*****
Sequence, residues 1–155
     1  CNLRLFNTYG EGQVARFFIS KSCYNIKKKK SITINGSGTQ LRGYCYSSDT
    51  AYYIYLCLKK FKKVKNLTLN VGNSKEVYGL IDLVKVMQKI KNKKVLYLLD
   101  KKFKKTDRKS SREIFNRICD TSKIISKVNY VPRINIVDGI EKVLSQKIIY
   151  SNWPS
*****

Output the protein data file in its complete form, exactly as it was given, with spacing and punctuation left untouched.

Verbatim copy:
Sequence, residues 1–155
     1  CNLRLFNTYG EGQVARFFIS KSCYNIKKKK SITINGSGTQ LRGYCYSSDT
    51  AYYIYLCLKK FKKVKNLTLN VGNSKEVYGL IDLVKVMQKI KNKKVLYLLD
   101  KKFKKTDRKS SREIFNRICD TSKIISKVNY VPRINIVDGI EKVLSQKIIY
   151  SNWPS